with their core stuff, but those things are things you have to work on and defend.
If you don't they will big play you with them."
So the two coaches are similar in that way as well. Belichick may not have
any quarterback/receiver hybrids on the roster, but he certainly finds ways
to utilize every available skill of his players. After all, it was that former
Steeler linebacker, Vrabel, who caught a touchdown pass in Super Bowl XXXVIII.
It all makes for an interesting coaching battle this week at Heinz Field..
20th meeting. The Steelers lead all-time series 12-7, but the Patriots have won the last three including the 2001 AFC Championship Game played in Pittsburgh. The teams have met in the postseason three times since 1996 with New England winning twice. Pittsburgh won seven of eight meetings between 1989-1997.
This matchup has become as intense as a non-division rivalry can be. The Patriots
have qualified for the playoffs five times since 1996 and have crossed paths
with Pittsburgh on three of those postseason trips, winning two.
New England's last trip to the Steel City was for the 2001 AFC Championship
Game, and the city of Pittsburgh left Heinz Field with a bitter taste in its
mouth after their heavily favored Steelers allowed two touchdowns on special
teams in a heartbreaking 24-17 loss to the eventual Super Bowl champion Patriots.
That win by New England avenged a similarly bitter loss when the defending AFC champion Patriots dropped a tough 7-6 decision at Three Rivers Stadium while trying to return to the Super Bowl. Current Patriot Mike Vrabel actually ended the Patriots' last gasp hopes when he strip-sacked Drew Bledsoe while the Patriots appeared to be driving toward a possible Adam Vinatieri field goal. The Steelers recovered the fumble, and the Patriots' decline that eventually ended in head coach Pete Carroll's firing was on.
Of course, the 1996 Patriots played host to the Steelers in a Divisional playoff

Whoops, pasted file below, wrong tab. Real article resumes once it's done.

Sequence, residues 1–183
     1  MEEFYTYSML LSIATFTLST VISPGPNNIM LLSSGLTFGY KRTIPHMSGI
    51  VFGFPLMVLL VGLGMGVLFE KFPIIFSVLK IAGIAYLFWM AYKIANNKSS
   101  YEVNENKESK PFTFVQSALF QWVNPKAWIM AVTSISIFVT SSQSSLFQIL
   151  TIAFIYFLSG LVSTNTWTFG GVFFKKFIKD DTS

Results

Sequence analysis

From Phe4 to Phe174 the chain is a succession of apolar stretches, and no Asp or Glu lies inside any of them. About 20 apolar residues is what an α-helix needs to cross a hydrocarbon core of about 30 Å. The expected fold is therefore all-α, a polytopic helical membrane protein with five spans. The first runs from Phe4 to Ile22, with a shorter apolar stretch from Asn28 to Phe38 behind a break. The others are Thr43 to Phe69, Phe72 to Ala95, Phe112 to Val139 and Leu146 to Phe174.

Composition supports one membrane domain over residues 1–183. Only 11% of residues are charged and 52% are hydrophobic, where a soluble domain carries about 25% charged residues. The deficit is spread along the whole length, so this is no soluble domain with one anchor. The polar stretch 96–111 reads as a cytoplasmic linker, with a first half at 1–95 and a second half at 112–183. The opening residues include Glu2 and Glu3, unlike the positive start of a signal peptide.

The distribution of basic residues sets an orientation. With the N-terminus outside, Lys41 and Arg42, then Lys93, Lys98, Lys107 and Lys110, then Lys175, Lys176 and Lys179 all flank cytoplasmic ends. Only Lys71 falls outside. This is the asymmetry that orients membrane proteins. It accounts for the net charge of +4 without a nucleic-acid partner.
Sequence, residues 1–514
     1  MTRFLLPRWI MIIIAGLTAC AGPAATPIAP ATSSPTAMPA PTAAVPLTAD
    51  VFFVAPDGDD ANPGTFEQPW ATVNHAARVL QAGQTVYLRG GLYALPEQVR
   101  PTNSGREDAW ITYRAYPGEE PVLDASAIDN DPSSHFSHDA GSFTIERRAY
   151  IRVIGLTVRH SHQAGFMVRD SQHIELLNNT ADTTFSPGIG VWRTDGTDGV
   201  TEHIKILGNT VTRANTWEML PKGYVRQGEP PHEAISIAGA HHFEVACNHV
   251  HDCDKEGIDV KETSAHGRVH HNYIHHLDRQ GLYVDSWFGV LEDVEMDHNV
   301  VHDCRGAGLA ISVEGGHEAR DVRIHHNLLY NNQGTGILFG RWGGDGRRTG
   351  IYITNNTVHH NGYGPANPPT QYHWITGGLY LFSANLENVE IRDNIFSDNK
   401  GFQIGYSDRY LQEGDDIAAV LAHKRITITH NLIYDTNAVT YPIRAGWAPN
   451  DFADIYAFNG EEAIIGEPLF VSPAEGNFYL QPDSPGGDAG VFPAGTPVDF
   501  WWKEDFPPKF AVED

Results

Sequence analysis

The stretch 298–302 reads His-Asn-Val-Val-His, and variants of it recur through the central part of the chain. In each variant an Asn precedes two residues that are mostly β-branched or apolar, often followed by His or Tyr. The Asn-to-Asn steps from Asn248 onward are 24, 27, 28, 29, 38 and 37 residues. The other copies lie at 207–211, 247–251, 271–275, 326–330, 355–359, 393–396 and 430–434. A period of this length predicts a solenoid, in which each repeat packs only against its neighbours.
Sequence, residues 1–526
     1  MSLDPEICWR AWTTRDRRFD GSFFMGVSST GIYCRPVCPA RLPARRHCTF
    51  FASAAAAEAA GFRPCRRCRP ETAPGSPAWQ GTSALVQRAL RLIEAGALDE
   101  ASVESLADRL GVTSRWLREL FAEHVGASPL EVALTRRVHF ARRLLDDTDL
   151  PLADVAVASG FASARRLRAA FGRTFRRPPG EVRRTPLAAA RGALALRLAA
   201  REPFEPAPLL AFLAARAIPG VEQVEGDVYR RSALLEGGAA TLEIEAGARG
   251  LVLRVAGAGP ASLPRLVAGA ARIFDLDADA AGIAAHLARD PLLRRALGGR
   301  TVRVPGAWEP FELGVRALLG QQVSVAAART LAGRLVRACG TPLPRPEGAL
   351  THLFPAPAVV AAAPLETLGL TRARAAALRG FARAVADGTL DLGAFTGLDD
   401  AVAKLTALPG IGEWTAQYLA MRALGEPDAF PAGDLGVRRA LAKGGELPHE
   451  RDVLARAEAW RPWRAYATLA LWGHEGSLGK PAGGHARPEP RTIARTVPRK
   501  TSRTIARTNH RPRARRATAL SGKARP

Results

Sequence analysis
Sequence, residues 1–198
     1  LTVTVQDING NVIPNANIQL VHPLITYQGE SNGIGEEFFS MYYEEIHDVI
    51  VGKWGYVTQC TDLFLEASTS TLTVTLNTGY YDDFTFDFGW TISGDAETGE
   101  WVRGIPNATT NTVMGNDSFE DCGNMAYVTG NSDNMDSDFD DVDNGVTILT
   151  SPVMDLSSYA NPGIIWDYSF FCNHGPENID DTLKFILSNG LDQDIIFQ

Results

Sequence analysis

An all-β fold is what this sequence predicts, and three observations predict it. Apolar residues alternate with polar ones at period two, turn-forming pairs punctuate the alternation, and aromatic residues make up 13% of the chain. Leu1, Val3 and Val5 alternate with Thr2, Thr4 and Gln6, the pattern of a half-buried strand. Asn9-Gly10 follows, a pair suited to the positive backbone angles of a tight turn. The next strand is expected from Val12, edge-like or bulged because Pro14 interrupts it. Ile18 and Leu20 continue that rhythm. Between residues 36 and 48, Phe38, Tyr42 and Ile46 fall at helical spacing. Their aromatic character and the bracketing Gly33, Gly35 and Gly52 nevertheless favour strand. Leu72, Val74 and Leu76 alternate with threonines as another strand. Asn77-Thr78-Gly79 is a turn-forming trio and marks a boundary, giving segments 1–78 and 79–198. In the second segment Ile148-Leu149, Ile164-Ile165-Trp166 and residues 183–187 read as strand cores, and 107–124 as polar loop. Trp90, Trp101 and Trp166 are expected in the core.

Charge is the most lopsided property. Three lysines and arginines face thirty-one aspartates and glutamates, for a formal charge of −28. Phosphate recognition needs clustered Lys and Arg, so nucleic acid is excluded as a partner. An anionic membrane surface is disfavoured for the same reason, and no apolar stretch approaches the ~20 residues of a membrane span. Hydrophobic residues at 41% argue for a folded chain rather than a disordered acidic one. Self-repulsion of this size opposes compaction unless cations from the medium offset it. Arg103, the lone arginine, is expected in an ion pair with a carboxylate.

game at Foxboro Stadium and blew out Pittsburgh 28-3 on its way to Super Bowl
XXXI, which it lost the Packers, 35-14.
The last meeting between the clubs was also an emotional affair. It took place
in the 2002 season opener on Monday night in Gillette Stadium's inaugural game.
A few Pittsburgh players spent the offseason following the AFC Championship
loss talking about how the better team lost that game and how even the Patriots
knew that to be the case. But New England silenced Pittsburgh with a blowout
30-14 win that wasn't that close.
Now the rivalry could potentially have a new page. While the Patriots seemed to have the better of it recently, Pittsburgh can be the team to end the Patriots' 21-game winning streak and knock them from the ranks of the unbeaten, an accomplishment the Steelers, with young phenom quarterback Ben Roethlisberger, would relish.
Even as the respective head coaches like and respect each other, there is no
love lost between these teams. The Steelers are coming off their bye and surely
used the extra preparation time efficiently. With New England heading into a
raucous Heinz Field that rivals most stadiums for its crowd noise, the Patriots
will be facing their toughest challenge of the 2004 season.
"They're tough," Belichick said. "We'll have to play our best
game. They're a very physical team that runs it well and stops the run well.
They have some new good young players we haven't seen before. They don't turn
the ball over, they scored touchdowns in the red zone and they're a good field
- The 2003 Super Bowl champion Patriots allowed a single 100-yard rusher all
season. They also only allowed a single 100-yard receiver all season. They
limited opposing quarterbacks to a 56.2 passer rating while holding them to
a 53.1 completion percentage. This year's version has shown early chinks in
its once impenetrable armor. Edgerrin James is the only rusher to eclipse
the 100-yard mark against the Patriots this year, but the defense has allowed
a 100-yard receiver in each of the last four games - the Jets' Justin McCariens,
Seattle's Koren Robinson, Miami's Marty Booker and Buffalo's Eric Moulds.
Opposing quarterbacks have completed 52.5 percent of their throws and compiled
a 65.1 passer rating.
- New England has outscored opponents 148-90 this year, but a quarter-by-quarter
look shows how the Patriots jump out quickly and then hold on. The Patriots
have a 40-10 first quarter scoring advantage this season while holding a slim
54-50 edge in the second. They have doubled up opponents, 24-12, in the third
and hold a 30-18 fourth quarter advantage.
- The Patriots have allowed just seven touchdowns in 23 trips inside their
20-yard line to lead the AFC in that category, but what's amazing is that
opponents have left the red area without a point on nine of the 23 trips.
New England has forced four red zone turnovers and while the opponent has
turned it over on downs three times while trying to overcome a fourth quarter
deficit. Seattle actually ended the game inside the Patriots 20, but did not
score and the Colts missed a field goal.
- The Patriots' 6-0 start is the best in team history. They have now won and